Is Running the Right Sport for Your Child?
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Coaches will often have new runners build a base, and once this is done they'll be able to determine who will excel at each event based on where they are most comfortable competing. Stein adds that a good coach will be sure to watch the athlete's stride. If a child normally has a shorter stride, he may excel at the sprint events that feature record-setting stars like Usain Bolt, who set several then-world records at the 2008 Olympics only to better his performances in later years. Those who are more flexible may compete well in jumping events. Others, who are not particularly fast but have endless stamina, may participate in distance events where they can excel as long as they are able to run at a consistent tempo.
And although physical stature may play some role, Stein insists there is no perfect body type for each distance. Of course this may be hard to believe, but there are some athletes participating in Marathon Sunday who don't look like they are capable of finishing the race but they will comfortably outpace those who look like the traditional, thin speedster.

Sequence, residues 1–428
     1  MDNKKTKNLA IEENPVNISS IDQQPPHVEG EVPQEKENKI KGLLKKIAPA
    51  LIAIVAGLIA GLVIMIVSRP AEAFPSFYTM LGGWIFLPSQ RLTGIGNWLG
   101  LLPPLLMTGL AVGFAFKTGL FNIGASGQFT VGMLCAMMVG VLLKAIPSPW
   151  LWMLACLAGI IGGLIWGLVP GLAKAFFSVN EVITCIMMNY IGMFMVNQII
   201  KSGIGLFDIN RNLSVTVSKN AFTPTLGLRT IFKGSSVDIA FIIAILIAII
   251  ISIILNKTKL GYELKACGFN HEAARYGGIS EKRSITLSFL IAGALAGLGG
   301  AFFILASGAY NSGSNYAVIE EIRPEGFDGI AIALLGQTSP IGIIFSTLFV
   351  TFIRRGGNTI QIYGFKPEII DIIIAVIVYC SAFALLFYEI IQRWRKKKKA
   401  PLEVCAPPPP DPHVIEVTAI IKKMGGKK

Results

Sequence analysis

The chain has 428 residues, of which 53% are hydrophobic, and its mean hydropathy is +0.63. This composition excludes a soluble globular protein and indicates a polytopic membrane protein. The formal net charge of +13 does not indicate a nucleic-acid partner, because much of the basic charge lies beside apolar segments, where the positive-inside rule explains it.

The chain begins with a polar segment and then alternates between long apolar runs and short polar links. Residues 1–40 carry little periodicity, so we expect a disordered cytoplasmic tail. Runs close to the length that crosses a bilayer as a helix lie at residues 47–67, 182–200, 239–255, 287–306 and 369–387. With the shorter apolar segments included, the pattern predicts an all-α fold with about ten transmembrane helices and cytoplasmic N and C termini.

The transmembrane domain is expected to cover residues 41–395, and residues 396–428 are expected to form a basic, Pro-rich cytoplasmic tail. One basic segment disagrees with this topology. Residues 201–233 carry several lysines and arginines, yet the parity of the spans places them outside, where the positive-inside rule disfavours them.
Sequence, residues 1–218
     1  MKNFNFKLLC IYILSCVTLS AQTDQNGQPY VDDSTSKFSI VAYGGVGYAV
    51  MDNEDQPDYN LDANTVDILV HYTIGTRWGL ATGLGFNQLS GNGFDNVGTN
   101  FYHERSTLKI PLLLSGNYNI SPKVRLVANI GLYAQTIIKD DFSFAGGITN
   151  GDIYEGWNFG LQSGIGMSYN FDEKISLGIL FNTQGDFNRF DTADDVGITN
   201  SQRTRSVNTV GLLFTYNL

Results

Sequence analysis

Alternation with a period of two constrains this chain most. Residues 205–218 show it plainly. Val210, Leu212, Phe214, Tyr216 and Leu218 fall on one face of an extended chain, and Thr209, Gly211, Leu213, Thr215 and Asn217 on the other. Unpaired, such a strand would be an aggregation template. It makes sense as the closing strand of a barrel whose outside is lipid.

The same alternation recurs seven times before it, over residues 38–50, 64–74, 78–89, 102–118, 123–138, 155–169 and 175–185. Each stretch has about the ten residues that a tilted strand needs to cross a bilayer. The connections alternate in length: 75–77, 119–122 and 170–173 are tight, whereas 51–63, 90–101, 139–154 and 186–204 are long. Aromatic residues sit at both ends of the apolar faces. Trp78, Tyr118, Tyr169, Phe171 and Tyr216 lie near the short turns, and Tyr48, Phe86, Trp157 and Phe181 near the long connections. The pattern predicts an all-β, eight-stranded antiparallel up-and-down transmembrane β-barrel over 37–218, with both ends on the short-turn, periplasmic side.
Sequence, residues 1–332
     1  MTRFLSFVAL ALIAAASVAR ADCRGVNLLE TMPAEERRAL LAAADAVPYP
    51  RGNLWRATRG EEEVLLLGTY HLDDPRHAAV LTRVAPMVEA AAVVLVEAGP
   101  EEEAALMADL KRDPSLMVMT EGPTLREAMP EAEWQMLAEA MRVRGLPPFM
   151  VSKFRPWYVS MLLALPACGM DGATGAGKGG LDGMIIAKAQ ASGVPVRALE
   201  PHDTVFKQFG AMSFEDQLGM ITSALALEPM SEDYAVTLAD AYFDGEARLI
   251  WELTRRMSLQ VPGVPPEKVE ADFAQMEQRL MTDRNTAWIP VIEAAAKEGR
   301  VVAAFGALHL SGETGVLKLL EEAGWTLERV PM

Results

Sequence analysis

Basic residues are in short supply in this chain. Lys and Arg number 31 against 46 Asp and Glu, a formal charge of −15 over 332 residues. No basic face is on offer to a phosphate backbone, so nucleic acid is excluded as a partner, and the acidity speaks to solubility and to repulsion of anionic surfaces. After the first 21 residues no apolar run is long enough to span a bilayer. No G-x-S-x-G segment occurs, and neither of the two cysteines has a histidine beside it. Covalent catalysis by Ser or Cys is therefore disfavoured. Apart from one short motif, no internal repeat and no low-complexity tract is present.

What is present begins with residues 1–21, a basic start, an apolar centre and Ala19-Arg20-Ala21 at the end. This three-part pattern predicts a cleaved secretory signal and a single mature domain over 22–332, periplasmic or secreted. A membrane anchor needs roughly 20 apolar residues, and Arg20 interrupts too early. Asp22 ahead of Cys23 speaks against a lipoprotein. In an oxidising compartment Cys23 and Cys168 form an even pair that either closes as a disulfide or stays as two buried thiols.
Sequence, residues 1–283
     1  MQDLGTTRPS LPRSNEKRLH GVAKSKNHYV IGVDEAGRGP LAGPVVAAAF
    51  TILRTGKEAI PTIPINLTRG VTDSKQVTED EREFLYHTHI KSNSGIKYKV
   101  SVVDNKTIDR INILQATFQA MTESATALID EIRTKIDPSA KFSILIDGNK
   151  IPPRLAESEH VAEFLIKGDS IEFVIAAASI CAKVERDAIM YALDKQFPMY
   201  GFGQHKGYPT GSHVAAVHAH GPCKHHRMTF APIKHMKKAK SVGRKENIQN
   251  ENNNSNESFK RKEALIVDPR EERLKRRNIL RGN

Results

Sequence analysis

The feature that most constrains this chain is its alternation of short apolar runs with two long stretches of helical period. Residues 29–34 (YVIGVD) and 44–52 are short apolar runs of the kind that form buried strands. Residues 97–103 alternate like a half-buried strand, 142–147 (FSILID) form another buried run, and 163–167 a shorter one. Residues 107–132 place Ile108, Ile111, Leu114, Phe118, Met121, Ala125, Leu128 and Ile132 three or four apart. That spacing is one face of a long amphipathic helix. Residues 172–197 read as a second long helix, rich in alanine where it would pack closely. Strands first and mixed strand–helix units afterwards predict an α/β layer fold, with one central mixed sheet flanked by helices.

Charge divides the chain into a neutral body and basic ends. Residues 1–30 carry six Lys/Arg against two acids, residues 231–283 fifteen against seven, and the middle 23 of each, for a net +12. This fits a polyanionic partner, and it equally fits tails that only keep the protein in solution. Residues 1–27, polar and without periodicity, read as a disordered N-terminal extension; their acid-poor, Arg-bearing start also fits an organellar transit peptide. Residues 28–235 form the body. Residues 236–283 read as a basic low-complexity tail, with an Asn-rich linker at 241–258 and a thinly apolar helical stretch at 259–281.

"Cross country, which covers longer distances than typical track events, is a no-glory sport, so these are kids that move forward knowing they are in it for themselves and nothing else," he says. "The grit, determination, and spirit it takes to compete in an eight-kilometer, five-kilometer, steeplechase, 3200-meter run, or mile is immense."
"After over 12 years of coaching, I've learned that cross country and distance runners are among the most responsible, hardest working athletes," says Stein, who acknowledges that distance runners often get shortchanged when acknowledgements are given out just because their events are simply not as exciting as sprint events such as the 100-, 200-, or 400-meter dash. "They're almost always your most self-disciplined athletes."
Shin Splints and Other Possible Injuries
That determination can often be problematic for young athletes, too. Overtraining injuries like shin splints and stress fractures-which develop when shin splints don't heal-are common in distance runners. Sprinters may experience these injuries, but they usually are not as severe. Growth plate injuries and tendonitis also often hamper athletes' success.
Any swelling, pain at rest, disproportionate pain, and bruising should be treated with rest and ice. A sports medicine doctor or physical therapist can often help a child get back to competing if he has to take time off. Depending on the type of injury and diagnosis, the medical professional may encourage the child to continue competing if she complements a decreased-training schedule with stretching and strengthening exercises.